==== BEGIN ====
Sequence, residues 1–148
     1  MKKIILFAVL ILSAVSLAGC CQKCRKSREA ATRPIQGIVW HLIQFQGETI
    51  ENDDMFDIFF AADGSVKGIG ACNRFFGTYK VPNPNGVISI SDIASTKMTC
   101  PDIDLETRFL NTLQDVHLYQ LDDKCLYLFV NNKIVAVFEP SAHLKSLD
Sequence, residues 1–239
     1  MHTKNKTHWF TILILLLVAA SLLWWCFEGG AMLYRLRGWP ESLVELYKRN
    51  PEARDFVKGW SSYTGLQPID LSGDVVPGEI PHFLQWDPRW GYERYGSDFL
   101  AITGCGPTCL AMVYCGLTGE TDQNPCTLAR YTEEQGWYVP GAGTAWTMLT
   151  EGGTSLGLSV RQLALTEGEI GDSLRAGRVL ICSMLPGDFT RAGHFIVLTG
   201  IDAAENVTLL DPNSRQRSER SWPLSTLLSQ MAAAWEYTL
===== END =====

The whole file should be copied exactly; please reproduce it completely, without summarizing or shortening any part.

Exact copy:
Sequence, residues 1–148
     1  MKKIILFAVL ILSAVSLAGC CQKCRKSREA ATRPIQGIVW HLIQFQGETI
    51  ENDDMFDIFF AADGSVKGIG ACNRFFGTYK VPNPNGVISI SDIASTKMTC
   101  PDIDLETRFL NTLQDVHLYQ LDDKCLYLFV NNKIVAVFEP SAHLKSLD
Sequence, residues 1–239
     1  MHTKNKTHWF TILILLLVAA SLLWWCFEGG AMLYRLRGWP ESLVELYKRN
    51  PEARDFVKGW SSYTGLQPID LSGDVVPGEI PHFLQWDPRW GYERYGSDFL
   101  AITGCGPTCL AMVYCGLTGE TDQNPCTLAR YTEEQGWYVP GAGTAWTMLT
   151  EGGTSLGLSV RQLALTEGEI GDSLRAGRVL ICSMLPGDFT RAGHFIVLTG
   201  IDAAENVTLL DPNSRQRSER SWPLSTLLSQ MAAAWEYTL